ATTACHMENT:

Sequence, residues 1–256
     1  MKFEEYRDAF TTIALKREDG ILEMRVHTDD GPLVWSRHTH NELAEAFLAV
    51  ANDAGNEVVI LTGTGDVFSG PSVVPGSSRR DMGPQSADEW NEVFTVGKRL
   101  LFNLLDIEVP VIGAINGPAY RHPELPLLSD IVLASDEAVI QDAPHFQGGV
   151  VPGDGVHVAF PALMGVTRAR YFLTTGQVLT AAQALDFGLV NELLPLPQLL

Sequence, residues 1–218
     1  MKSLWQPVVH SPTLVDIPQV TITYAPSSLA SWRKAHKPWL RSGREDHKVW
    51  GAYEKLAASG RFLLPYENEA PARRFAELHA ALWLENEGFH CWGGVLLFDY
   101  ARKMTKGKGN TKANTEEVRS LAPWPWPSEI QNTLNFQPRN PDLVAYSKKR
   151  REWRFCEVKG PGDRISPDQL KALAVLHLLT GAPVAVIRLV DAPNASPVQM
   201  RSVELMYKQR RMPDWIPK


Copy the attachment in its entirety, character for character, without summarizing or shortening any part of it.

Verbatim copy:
Sequence, residues 1–256
     1  MKFEEYRDAF TTIALKREDG ILEMRVHTDD GPLVWSRHTH NELAEAFLAV
    51  ANDAGNEVVI LTGTGDVFSG PSVVPGSSRR DMGPQSADEW NEVFTVGKRL
   101  LFNLLDIEVP VIGAINGPAY RHPELPLLSD IVLASDEAVI QDAPHFQGGV
   151  VPGDGVHVAF PALMGVTRAR YFLTTGQVLT AAQALDFGLV NELLPLPQLL

Sequence, residues 1–218
     1  MKSLWQPVVH SPTLVDIPQV TITYAPSSLA SWRKAHKPWL RSGREDHKVW
    51  GAYEKLAASG RFLLPYENEA PARRFAELHA ALWLENEGFH CWGGVLLFDY
   101  ARKMTKGKGN TKANTEEVRS LAPWPWPSEI QNTLNFQPRN PDLVAYSKKR
   151  REWRFCEVKG PGDRISPDQL KALAVLHLLT GAPVAVIRLV DAPNASPVQM
   201  RSVELMYKQR RMPDWIPK